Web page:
A health worker inoculates a man with a dose of the Covishield vaccine against the Covid-19 coronavirus inside a vaccination centre in Ghaziabad on October 20, 2021.
Prakash Singh | AFP | Getty Images
India has administered more than 1 billion doses of Covid-19 vaccines since starting its ambitious vaccination program in January.
Government data showed 708 million people, or around 75% of the eligible population, received at least one dose of vaccine while 30% are now fully inoculated against the disease. Only those above 18 are currently allowed to receive the shots.
“This achievement belongs to India, every citizen of India,” Prime Minister Narendra Modi said on Twitter, according to CNBC’s translation of his remarks in Hindi. “I express my gratitude to all the vaccine manufacturing companies of the country, workers engaged in vaccine transportation, health sector professionals engaged in vaccine development.”
New Delhi wants to fully vaccinate all of India’s adult population by the end of the year — but some, including the Delhi High Court, have raised doubts over the country’s ability to meet the target within that timeframe.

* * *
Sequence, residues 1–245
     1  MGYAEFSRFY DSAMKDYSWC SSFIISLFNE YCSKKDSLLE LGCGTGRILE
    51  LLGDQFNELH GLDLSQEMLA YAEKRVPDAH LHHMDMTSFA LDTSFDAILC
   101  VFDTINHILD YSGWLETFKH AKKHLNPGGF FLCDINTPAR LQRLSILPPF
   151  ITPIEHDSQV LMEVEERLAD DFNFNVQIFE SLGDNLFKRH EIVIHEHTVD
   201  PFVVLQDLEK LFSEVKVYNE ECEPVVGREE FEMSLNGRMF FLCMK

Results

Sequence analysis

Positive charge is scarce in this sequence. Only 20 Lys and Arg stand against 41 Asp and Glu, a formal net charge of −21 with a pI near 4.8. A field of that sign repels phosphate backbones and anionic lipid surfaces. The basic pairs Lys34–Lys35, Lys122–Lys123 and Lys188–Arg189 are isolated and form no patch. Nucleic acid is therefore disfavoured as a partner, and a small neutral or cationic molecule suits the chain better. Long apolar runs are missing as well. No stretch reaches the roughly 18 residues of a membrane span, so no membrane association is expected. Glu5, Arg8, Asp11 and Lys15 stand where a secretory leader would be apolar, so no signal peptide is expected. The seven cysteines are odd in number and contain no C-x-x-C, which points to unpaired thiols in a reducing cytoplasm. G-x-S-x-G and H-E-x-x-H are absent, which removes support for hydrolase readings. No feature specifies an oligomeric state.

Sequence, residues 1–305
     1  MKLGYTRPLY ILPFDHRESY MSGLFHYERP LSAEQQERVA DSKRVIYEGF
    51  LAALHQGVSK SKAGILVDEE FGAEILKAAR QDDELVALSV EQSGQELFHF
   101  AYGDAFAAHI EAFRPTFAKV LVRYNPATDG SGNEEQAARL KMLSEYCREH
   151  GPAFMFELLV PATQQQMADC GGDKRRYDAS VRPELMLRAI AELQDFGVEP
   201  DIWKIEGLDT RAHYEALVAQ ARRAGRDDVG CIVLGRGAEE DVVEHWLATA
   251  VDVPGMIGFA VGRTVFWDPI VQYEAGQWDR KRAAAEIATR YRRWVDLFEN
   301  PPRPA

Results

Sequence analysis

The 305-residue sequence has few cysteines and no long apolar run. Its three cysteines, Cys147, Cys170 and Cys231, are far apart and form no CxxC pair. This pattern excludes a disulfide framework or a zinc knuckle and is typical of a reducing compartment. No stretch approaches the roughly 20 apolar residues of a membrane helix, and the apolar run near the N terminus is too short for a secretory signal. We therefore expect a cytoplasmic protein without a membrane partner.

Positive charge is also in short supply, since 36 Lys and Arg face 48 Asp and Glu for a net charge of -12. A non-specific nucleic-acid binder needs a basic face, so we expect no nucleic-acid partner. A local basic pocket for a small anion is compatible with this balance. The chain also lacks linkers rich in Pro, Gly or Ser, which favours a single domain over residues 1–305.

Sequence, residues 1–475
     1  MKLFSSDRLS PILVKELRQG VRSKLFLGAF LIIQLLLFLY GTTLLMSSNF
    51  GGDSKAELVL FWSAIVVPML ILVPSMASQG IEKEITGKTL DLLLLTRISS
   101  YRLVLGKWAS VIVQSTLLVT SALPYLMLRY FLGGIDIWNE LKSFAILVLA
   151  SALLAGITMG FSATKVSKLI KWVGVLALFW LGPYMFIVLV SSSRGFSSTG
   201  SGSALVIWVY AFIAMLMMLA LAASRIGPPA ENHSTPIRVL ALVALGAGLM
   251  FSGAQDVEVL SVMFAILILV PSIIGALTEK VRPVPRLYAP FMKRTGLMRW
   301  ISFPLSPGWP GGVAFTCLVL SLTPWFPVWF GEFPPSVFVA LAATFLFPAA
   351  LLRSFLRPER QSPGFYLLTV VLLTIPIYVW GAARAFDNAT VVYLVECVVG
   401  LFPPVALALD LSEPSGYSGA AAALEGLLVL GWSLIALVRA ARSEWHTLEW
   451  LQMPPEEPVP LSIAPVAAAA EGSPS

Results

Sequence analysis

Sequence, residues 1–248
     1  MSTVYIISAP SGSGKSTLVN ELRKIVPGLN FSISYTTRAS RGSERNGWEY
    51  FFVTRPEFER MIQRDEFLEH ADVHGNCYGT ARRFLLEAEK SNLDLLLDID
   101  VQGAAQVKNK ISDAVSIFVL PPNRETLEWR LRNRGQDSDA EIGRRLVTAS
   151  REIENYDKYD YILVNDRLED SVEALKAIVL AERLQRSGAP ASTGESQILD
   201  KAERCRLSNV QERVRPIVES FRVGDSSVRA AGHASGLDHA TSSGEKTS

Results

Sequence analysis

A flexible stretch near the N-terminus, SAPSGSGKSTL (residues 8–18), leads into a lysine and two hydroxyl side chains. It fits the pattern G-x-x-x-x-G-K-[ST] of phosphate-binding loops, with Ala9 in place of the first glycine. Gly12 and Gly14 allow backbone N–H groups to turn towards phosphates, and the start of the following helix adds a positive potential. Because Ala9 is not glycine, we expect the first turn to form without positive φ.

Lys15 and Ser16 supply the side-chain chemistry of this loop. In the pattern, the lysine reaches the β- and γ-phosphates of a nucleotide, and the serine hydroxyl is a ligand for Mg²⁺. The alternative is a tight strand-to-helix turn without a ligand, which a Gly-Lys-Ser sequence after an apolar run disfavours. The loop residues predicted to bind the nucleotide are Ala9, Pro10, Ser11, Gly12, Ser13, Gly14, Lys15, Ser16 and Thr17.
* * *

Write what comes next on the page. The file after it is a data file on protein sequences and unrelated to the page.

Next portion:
The number of doses given daily has not been uniform. For example, over the last month, data showed that on some days India administered as many as 10 million doses and on other days, as low as 900,000 shots.
To fully vaccinate nearly 950 million people, India would need more than 1.8 billion doses of vaccines. In June, the government set an ambitious target of producing more than 2 billion vaccine doses by December.
Vaccine manufacturers in India have stepped up their output in recent months.
India has approved several vaccines since starting the inoculation program. They include the AstraZeneca shot — locally known as Covishield and manufactured by the Serum Institute, Bharat Biotech’s Covaxin, and Russia’s Sputnik-V.
While vaccination remains voluntary, over 70,000 state-run facilities were giving the shots for free on Thursday, data showed. People can also pay to get them at over 2,000 private centers.
India suffered a devastating second wave between February and early May, during which daily infection cases and death rates rose at an alarming pace. The crisis pushed India’s health-care system to the brink.
While the South Asian nation is expecting a third wave of infections to hit sometime this year, the consensus among many public health experts is that the impact this time will likely to be less severe than the previous waves.
— CNBC’s Naman Tandon contributed to this report.